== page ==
Today, I was genuinely excited about the challenge! I actually felt pretty prepared for it, so I found it fun! I had just started putting our emergency binder together a few days ago, and we already had a 72 hour kit, so I felt very prepared! I went without power with my 11 month old throughout the day, and then we started our evacuation once my husband came home from work. Tornadoes happen where we are, but they’re never serious enough to cause evacuations (we’d have no where to go). We decided that a nuclear or terrorist attack was more likely to require an evacuation in our region, so that’s what we went with. I strapped our 11 month old to myself in a carrier and we gave ourselves 10 minutes to grab what we could and 5 minutes to pack the car. For the evacuation, we limited ourselves to the family room. I’m glad we brought a few toys for our daughter or it would have been hard to entertain her in just one room. After her bedtime, we looked through what we had and what we were missing.

    What We Packed
    Baby: diapers, wipes, 3 outfits, 2 pairs pajamas, snacks, memory box, playpen, toys
    Us: 2 outfits, underwear, toiletries, toothbrushes, razors, scrapbook
    General: emergency binder, wallets, flashlights (3), external hard drives, laptops, chargers, phones, water, snacks, sleeping bags, cooking stove, propane
    72 Hour Kit: safety masks, whistles, pocket knife, paper/pencil, first aid kit, toiletries, work gloves, ponchos, hand warmers, glow sticks, cord, toilet paper, windup flashlight, duct tape, emergency blankets, popup tent, trash bags, fortified food bars, water boxes

    What We Lacked
    Baby: socks, jacket/sweater, ointment, sippy cup
    Us: deodorant, jacket/sweater, warm weather clothes, medicine/vitamins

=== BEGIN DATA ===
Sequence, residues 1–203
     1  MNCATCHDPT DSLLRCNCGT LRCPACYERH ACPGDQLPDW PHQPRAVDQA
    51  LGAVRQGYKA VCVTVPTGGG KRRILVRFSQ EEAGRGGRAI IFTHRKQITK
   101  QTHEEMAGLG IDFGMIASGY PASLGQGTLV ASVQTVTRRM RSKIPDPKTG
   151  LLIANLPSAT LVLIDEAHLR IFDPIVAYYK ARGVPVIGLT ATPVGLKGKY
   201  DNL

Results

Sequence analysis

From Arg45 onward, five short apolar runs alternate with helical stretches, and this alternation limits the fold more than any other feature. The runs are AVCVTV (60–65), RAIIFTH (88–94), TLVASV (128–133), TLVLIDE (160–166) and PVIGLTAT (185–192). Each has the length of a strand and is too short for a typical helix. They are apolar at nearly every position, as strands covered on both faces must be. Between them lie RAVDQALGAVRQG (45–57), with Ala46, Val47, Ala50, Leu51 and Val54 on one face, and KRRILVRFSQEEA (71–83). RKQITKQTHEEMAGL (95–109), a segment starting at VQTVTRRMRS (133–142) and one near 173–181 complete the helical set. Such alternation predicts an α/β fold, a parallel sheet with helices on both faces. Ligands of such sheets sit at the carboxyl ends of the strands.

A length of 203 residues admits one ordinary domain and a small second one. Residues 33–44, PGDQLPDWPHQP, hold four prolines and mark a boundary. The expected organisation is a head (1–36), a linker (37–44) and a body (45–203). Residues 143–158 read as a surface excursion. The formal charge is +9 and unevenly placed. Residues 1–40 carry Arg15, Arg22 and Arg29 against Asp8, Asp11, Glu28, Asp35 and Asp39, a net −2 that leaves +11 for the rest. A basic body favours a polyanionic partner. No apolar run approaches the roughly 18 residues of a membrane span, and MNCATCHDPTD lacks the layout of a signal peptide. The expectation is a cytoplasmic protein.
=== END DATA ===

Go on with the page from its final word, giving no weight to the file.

General: paper products (plates, napkins, cups, utensils), pot/pan, towels, cash, extra batteries, matches/candles, games, sewing kit, meals (not just snacks), scriptures/journals
    Emergency binder: financial information, emergency plan, phone numbers

    What We Learned
    It’s helpful to have a list of what to grab so you don’t have to remember it all last minute. We did pretty well, but I had been thinking about what to grab all day, and in case of a sudden need to leave with no prior notice, I would have been scrambling!
    We need to beef up our emergency binder. We didn’t have individual pictures in it or a hard copy of phone numbers or our financial information. We should also have a written emergency plan. This should include what we would do in the event of a variety of emergencies (tornado, hurricane, terrorist attack, etc.). This is especially important if we’re not together, like if my husband is at work and I’m at home.
    We need to have clothes already packed so we don’t have to run upstairs and rummage through to find things. Even though we didn’t need it this time, we need to pack a bag of cold weather clothes and accessories.
    Lastly, and most importantly, the 72 hour kits are good, but we really didn’t have any meals included, so we’d be living on granola bars and “food fortified bars.” We probably would want to bring some more water too. We had 2-3 gallons of water, but we could definitely have some more.